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The Dodd-Frank Act Opens States To Interstate De Novo Branching

By: T.J. Mick Grasmick

One section, covering half a page in the 2,300 page Dodd-Frank Wall Street Reform and Consumer Protection Act, will remove the key political compromise of the 1994 Riegle-Neal Interstate Banking and Branching Efficiency Act.  Section 613 will allow national or state banks from any state to branch into any other state as if they were chartered in that state.

The section attracted little fanfare and apparently drew little political opposition.  As enacted, Section 613 eliminates the required opt-in election by each state to permit interstate branching through de novo branches.  A majority of states did not opt-in.  In those states, including California, the acquisition of either an existing bank or a branch of a bank in that state was the price of admission.

There are several reasons for this proposed change, which removes the compromise reached in 1994 (and effective in 1997) on the issue of interstate branching.  One is that the legislation initially proposed by the Treasury is a long overdue leveling of the interstate branch playing field between commercial banks and OTS-regulated thrifts, which have had the authority to branch nationwide since 1992.  Since the Dodd-Frank Act will dismantle the OTS and place thrifts under OCC jurisdiction but preserve thrifts’ interstate branching authority, this has symmetry appeal.  Similar legislation proposed in the House of Representatives in 2006 was supported by the Federal Reserve.

Also, news reports have tagged this new nationwide de novo branching authority as a “big gift for big banks.”  This might be traced to the fact that the provision was introduced in the House bill by a congressman from North Carolina, a state which a very big bank calls home.  Others, including some state regulators and trade associations, have observed that most big banks that desired interstate branches and would pay handsomely in acquisitions have done so, and therefore this change is overdue and not that significant.  Finally, there is the theory that certain regulators would be pleased to have more competition in some states to help pare down the excessive number of community banks.

Whatever the basis and motivation for this change, state statutes such as California Financial Code Section 3824, which states that it is “an express prohibition against interstate branching through de novo establishment of California branches pursuant to Section 5155 of the Revised Statutes (12 U.S.C. Sec. 36) or Section 18(d) of the Federal Deposit Insurance Act (12 U.S.C. Sec. 1828(d),” will become moot and will need to be revised.  The FDI Act and the companion Section 36(g) of the National Bank Act are amended by Section 613 to remove the Reigle-Neal opt-in requirement and permit de novo interstate banking if “the law of the state in which the branch is located, or is to be located, would permit establishment of the branch, if the bank were a state bank chartered by such state.”  Today, most banks can open branches throughout their own states.

Accordingly, the enactment of Section 613 of the Dodd-Frank Act means that a California state bank and a national bank with California as its home state could open a new branch in more than 20 states that now either prohibit de novo interstate branching or require that California offer de novo branch entry “reciprocity” to its banks (which California does not).  The key, of course, is whether the California bank’s own state and/or federal regulator has any supervisory objection to the opening of the proposed branch in another state.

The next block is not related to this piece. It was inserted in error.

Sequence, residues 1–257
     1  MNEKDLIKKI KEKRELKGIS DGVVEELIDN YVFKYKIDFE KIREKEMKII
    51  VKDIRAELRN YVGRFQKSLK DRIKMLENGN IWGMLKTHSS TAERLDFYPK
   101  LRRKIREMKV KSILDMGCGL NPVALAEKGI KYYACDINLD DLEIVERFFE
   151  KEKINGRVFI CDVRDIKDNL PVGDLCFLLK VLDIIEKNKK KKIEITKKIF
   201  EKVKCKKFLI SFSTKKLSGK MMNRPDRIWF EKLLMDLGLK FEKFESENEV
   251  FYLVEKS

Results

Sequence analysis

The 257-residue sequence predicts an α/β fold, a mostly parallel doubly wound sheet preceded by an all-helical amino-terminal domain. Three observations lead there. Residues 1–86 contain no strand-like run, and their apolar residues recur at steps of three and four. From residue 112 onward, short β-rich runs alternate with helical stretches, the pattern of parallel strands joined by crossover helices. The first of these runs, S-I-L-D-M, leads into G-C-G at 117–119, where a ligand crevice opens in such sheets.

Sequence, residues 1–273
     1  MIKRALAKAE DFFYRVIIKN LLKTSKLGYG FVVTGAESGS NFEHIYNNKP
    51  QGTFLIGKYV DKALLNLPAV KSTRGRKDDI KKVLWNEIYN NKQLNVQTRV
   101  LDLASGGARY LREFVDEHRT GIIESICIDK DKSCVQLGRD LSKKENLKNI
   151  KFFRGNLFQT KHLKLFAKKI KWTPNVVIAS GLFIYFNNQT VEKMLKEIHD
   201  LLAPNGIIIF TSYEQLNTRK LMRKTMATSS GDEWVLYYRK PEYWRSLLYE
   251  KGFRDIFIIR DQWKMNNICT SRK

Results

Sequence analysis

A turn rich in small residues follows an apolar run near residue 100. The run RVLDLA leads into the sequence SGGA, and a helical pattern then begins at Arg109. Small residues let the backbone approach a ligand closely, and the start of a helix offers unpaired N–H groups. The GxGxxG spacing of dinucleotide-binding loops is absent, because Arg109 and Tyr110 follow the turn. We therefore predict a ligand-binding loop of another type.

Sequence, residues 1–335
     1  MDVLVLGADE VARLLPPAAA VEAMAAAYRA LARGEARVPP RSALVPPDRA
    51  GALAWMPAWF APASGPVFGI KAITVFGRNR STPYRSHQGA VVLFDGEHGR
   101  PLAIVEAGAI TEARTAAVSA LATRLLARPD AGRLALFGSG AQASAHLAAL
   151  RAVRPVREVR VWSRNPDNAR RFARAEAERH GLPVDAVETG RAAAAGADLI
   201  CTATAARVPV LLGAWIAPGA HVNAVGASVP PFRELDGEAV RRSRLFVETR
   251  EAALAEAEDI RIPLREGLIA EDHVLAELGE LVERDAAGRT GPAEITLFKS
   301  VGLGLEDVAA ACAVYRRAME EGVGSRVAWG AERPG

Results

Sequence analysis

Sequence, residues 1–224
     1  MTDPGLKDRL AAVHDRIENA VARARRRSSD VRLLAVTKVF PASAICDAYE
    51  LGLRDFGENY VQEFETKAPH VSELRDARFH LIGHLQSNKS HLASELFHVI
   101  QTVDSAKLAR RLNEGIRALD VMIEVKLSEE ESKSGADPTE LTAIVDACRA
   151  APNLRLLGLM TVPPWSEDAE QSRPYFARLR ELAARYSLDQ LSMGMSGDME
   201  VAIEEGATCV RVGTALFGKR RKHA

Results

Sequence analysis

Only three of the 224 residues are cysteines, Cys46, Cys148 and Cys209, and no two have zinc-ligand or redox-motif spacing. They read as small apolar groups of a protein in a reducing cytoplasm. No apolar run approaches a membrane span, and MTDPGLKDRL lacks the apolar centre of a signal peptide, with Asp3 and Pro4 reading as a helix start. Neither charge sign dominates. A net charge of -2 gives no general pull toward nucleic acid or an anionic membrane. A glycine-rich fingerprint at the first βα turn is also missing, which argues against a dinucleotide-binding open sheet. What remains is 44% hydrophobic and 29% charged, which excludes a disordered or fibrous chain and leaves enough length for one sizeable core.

The removal of the Riegle-Neal opt-in barrier to de novo interstate branching in many states will dash the hopes of banks to sell for high multiples or perhaps at least sell a branch for a healthy premium.  It also will likely move to the history book footnotes the variety of ways banks found to enter other states without doing a whole bank acquisition and merger.  These included buying shell charter skeleton banks from two merging banks for premiums that have exceeded $1 million; structuring a branch acquisition so as to strip most all of the unwanted assets and deposits at closing as well as then relocating and closing the acquired branch; and even entering a state by outbidding a nearby community bank for a single-branch small-town failing bank, immediately opening a second branch in the desired metropolitan city far away and then selling the acquired branch back to the nearby community bank.

It remains to be seen if there will be an influx of banks into California by outsiders that have been previously unwilling to buy their way in.  Likewise, there may be larger California banks that will promptly establish branches in desirable markets in several other states, such as New York, Florida or Illinois.  There may also be many community banks that simply wish to establish branches across their state borders in contiguous states. Section 613 of the Dodd-Frank Act became effective immediately on enactment.

T.J. Mick Grasmick is a partner at law firm Manatt, Phelps & Phillips, LLP, Los Angeles. Contact him at mgrasmick(at)manatt.com or visit www.manatt.com.

Copyright © September-October 2010 BankNews Media


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